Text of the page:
• The weird thing about the evening was this: a friend of mine from Alabama was in NYC at the same time. We’d said we’d meet on Wednesday or Thursday, but we came very close, without knowing it, on Tuesday night: she and her group ate at a restaurant on the same block as ours at the same time…and then they went to The Nutcracker at Lincoln Center…as we were at Hansel and Gretel. 
  • Small world, again.

Read Full Post »

"amy welborn"

I have a few memories of this Basilica:

  • Our first visit, back in 2006, the stop at St. John Lateran was part of a day led for us by then-seminarian and anonymous blogger Zadok. Remember at the time, my now-almost-13-year old was a bit over a year and was being transported everywhere one someone’s back. We traded him off.  It was a great day, but exhausting as we walked and walked – and if you have been to Rome, you know that the walk between St. John Lateran and St. Mary Major is uphill…way…uphill.
  • I have often referred to the enormous statuary inside St. John Lateran, in which each of the apostles are represented, as is traditional, with the instruments of their martyrdom, St. Bartholomew depicted holding his own skin, as he is traditionaly remembered as having been flayed.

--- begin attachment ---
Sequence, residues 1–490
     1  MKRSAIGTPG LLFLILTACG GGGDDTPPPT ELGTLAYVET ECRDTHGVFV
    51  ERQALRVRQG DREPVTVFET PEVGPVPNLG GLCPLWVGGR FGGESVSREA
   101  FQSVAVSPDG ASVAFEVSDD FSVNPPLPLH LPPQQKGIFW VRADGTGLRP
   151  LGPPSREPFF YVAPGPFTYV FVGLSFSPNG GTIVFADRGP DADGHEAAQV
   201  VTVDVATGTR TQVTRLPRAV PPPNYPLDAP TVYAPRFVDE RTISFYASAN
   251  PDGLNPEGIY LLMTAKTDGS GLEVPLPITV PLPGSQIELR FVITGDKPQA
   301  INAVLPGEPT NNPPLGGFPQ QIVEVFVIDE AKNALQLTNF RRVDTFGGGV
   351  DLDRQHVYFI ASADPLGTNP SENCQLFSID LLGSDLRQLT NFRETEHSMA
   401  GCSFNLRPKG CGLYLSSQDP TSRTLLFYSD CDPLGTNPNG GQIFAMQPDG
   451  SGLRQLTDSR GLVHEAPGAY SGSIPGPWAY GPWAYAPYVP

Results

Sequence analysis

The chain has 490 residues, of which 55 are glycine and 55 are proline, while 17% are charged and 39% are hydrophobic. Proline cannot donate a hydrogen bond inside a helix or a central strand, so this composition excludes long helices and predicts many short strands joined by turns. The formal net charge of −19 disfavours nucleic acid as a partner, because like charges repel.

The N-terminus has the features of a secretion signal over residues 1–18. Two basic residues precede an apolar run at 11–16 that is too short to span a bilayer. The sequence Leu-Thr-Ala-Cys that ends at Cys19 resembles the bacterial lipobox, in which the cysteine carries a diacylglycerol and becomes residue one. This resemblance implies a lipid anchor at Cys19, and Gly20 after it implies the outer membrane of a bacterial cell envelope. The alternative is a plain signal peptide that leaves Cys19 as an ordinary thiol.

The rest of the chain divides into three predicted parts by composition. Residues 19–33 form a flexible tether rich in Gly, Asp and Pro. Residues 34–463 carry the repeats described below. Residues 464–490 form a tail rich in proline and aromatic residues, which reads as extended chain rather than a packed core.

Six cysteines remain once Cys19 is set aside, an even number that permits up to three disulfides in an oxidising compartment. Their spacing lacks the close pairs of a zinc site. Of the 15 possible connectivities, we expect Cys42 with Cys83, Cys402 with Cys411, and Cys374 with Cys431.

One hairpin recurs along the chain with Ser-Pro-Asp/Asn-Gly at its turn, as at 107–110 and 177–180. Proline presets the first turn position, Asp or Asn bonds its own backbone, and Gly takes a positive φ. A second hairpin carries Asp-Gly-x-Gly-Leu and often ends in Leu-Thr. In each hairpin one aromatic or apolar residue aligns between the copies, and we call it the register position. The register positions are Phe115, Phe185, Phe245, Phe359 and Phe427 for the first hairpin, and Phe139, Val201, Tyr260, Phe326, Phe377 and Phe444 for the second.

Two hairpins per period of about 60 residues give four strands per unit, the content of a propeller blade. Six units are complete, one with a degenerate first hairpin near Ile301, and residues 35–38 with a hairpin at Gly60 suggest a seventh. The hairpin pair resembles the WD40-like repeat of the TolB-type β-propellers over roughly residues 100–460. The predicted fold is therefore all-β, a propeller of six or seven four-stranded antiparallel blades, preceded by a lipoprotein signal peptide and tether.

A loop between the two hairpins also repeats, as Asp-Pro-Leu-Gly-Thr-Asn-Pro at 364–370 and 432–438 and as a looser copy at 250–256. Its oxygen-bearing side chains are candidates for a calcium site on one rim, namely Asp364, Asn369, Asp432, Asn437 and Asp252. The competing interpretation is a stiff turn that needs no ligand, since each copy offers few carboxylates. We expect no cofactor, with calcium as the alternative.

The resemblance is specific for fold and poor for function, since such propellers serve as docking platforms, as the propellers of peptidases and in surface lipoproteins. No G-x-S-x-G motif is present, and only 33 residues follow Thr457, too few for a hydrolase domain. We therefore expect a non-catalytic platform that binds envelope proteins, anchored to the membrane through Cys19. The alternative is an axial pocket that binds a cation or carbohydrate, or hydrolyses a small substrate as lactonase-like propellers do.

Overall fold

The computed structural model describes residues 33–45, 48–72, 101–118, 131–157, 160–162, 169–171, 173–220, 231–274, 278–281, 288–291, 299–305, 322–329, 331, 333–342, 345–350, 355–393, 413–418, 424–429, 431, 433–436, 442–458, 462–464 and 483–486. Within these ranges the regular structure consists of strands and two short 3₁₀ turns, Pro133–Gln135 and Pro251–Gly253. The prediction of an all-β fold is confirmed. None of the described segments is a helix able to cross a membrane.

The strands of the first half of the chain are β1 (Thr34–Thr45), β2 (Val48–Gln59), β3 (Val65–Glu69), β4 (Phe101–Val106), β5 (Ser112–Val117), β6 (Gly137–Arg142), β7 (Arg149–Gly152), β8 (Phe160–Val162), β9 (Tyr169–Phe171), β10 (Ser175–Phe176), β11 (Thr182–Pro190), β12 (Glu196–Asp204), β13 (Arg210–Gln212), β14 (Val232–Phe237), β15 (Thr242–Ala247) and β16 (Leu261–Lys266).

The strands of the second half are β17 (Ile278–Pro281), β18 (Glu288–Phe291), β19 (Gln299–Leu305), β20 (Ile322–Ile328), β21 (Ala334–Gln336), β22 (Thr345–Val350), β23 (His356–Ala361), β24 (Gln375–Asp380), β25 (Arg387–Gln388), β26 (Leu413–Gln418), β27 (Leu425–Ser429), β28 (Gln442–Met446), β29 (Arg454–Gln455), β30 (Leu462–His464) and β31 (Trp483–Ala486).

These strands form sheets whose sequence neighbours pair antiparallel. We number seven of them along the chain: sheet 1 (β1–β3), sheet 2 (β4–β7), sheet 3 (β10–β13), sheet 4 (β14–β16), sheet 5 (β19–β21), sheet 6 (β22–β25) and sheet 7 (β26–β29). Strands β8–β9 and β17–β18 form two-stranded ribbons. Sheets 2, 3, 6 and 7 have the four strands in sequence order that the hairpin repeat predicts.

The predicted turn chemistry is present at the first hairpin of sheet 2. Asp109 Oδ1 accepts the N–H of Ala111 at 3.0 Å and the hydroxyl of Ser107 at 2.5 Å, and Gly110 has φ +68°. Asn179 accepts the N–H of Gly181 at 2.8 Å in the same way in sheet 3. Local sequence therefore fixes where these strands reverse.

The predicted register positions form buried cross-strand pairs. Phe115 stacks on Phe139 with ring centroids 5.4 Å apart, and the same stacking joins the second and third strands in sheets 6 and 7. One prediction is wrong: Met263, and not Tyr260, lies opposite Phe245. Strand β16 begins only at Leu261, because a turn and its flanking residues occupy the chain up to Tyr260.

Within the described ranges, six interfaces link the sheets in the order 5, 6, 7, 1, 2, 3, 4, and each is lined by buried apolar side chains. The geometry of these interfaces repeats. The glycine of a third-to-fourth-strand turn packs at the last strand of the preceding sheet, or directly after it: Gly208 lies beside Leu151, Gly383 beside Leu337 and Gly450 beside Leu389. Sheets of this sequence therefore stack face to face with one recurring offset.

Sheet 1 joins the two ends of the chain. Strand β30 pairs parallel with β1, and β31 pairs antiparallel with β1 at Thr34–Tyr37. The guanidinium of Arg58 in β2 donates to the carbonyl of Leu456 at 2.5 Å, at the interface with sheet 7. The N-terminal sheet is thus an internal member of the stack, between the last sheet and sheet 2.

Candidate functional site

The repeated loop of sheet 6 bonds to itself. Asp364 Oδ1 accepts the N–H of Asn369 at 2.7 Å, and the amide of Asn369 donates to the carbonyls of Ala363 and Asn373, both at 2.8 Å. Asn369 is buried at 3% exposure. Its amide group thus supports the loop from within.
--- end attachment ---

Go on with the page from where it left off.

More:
• As interesting as the church itself is the baptistry, which is enormous.
  • We were in Rome right around Ash Wednesday, and the day we were at St. John Lateran was a Sunday, so the plaza around the church – the area around the obelisk (the oldest  Egyptian obelisk in Rome) – was filled with children dressed in costumes playing games at booths and so on – the Bishop of Rome’s church just like any other parish church during this carnevale
  • We ended up at St. Mary Major during Vespers, and there in a side chapel was Cardinal Law.
  • Back in 2012, the boys and I returned to Rome – in late November as a matter of fact.  My main memory from that trip’s visit to St. John Lateran was a rather aggressive beggar inside the church who was approaching visitors and berating them when they didn’t give – he ended up being driven out rather forcefully by security.